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  • C-CORE 1.1 Historic records for winds


 Historic records for winds

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Historic records for winds

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General Description


What data/products do you use?

Historical wind speeds are available in the form of surface-based observations, as reported from ships and buoys, via UCAR (ICOADS), and NOAA (NDBC and NCDC).

Historical remotely-sensed satellite observations of 10m wind speeds are available via DEOS-RADS, as well as other agencies such as IFREMER (NAIAD).

Historical hindcasts of reanalyzed 10m wind speeds are available via ECMWF (ERA-Interim) and NOAA (WAVEWATCH III).

Historical 0-hour global and/or regional model analyses of 10m wind speeds are available via many global agencies such as NOAA, ECMWF, CMC, JMA, UKMET, and others.

When do you use this kind of dataset?

Historical wind data are used to great extent in all phases of the O&G cycle, except strictly operational tasks.

The data set is used to assist in qualifying and quantifying the means and extremes of winds in the area of interest, but also to identify frequency of occurrence of wind speeds and weather window (where operational thresholds apply).

During the early stages, field assessment/seismics etc. the data are mostly used to assess the operability of the area during different seasons and to assess financial risk and first draft of development costs.


During planning of new fields and operations data are used to assess the climatic limitations local/regional weather would have on safety in order to reduce risk for operations, personnel and environment.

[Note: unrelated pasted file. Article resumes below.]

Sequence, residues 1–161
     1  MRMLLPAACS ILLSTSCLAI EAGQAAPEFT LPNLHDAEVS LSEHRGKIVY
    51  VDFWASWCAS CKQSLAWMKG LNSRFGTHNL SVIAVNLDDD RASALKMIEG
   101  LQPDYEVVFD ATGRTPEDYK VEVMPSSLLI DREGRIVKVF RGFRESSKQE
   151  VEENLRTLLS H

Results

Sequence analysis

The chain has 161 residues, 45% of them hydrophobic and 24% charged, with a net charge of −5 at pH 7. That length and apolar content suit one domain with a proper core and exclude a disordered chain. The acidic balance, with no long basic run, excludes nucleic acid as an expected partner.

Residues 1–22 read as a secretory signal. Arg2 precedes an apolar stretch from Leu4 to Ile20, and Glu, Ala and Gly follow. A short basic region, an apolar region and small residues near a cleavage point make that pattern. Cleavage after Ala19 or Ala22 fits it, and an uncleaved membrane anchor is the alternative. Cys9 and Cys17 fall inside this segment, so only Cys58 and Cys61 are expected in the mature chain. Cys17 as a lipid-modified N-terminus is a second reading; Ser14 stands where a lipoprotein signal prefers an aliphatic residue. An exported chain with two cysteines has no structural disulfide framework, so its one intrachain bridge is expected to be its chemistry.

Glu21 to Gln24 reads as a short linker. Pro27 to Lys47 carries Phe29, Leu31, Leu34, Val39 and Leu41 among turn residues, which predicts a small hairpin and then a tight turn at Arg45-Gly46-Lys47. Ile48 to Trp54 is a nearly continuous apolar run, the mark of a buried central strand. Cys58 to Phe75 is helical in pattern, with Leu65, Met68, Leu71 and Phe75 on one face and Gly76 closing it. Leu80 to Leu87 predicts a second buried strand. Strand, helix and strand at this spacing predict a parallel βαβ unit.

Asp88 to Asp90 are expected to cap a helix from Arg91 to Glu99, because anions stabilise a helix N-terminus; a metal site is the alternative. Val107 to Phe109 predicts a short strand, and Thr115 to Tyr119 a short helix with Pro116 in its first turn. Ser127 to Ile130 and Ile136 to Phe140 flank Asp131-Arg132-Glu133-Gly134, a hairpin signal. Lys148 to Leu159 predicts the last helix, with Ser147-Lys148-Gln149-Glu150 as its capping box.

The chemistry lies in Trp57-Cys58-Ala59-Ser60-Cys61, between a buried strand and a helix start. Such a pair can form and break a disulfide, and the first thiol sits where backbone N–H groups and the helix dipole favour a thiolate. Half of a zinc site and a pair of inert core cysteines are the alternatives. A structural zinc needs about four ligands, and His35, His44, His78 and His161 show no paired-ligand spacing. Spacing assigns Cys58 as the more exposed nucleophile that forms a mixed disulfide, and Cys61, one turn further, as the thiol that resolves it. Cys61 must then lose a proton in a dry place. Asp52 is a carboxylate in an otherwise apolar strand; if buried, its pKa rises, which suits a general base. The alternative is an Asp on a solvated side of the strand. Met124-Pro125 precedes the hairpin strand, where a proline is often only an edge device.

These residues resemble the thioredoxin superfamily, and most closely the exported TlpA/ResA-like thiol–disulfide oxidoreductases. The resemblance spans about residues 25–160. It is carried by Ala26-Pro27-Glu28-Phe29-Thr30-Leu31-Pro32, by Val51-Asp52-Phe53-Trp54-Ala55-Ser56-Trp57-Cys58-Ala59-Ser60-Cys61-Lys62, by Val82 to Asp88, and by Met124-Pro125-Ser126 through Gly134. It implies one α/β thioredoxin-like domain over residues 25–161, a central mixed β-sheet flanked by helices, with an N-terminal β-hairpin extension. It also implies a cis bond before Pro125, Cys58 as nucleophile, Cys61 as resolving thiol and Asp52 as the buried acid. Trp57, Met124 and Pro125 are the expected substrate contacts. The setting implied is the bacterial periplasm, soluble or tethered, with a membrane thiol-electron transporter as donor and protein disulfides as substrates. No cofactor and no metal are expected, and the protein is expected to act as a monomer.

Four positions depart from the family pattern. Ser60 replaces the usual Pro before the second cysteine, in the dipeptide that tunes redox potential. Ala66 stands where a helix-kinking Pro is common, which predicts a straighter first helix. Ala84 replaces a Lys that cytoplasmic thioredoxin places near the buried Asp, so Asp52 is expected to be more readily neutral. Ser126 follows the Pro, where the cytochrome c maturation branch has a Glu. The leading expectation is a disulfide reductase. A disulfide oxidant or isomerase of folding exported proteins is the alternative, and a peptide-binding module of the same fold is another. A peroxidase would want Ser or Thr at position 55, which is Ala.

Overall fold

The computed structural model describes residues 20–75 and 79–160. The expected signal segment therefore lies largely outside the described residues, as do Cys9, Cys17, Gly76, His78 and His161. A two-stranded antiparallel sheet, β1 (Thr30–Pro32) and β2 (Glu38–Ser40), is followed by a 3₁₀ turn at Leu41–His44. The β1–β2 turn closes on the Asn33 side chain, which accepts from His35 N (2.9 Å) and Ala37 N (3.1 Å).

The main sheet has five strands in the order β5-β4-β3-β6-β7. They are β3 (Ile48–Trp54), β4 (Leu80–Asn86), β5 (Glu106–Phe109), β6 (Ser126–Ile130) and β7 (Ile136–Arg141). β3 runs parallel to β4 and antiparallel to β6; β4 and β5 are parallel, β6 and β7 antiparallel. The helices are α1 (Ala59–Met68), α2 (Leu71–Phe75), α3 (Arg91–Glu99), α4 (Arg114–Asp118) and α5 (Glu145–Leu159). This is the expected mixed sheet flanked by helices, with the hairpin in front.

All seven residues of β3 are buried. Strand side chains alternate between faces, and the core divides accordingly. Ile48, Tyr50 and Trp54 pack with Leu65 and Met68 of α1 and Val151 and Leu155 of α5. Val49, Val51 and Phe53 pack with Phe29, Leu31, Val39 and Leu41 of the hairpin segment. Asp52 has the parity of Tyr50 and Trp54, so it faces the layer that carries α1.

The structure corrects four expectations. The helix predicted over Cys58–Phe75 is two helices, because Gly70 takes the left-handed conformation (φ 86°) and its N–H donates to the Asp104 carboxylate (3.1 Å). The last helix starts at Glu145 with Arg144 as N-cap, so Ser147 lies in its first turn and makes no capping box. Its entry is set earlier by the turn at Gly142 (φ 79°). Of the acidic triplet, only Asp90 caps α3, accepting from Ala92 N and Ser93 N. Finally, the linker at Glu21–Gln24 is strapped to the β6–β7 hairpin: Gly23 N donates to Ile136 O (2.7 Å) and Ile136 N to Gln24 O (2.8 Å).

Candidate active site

Finally wind data are important to design of structures that can withstand the local conditions and take into account the risk of the extreme situations of the area.

What are your actual limitations and do you have a work around? 

For more superficial analysis, first looks etc. an estimate is often sufficient and the quality of the data set is not as critical as for design studies. The latter requires long time series (for instance preferably more than 1/4 of the extreme calculated – i.e. 25 yrs for 100 year extreme) and high resolution in time and space in order to catch vigorous short-lived and small scale local phenomena. Data of sufficient quality can be hard to come by in coastal and remote/less developed areas and rougher modeled data, estimates and approximations will be used. Sometimes calibration of modeled data to shorter observed time series has to be made.

The heights of many historical wind speed observations that are available via ICOADS are unknown, although a portion of the observations include the height of the observation. Similarly, the averaging period of wind observations is a variable that must be reconciled across all record sets prior to effective analyses.

There are also important spatial and temporal limitations of historical surface-based and remotely-sensed 10m wind observations that make the analyses of extreme values very challenging (e.g., most extremes at sea were probably not observed or otherwise sampled).

Update frequency:
Too slow in some cases, some data sources do not extend to real time (1 month or more lag), and "patching" with any available observations is necessary.
Temporal resolution:
3 and 6 hours is too infrequent and does not catch short-lived extremes, and approximations have to be made.
Spatial resolution:
Too large outside well known areas (and large even there). Does not catch small scale and local (topography induced) phenomena. Should be 4 km minimum.
NOTE. High resolution and high update resolution does not equal quality, hence documentation of verification is equally important!!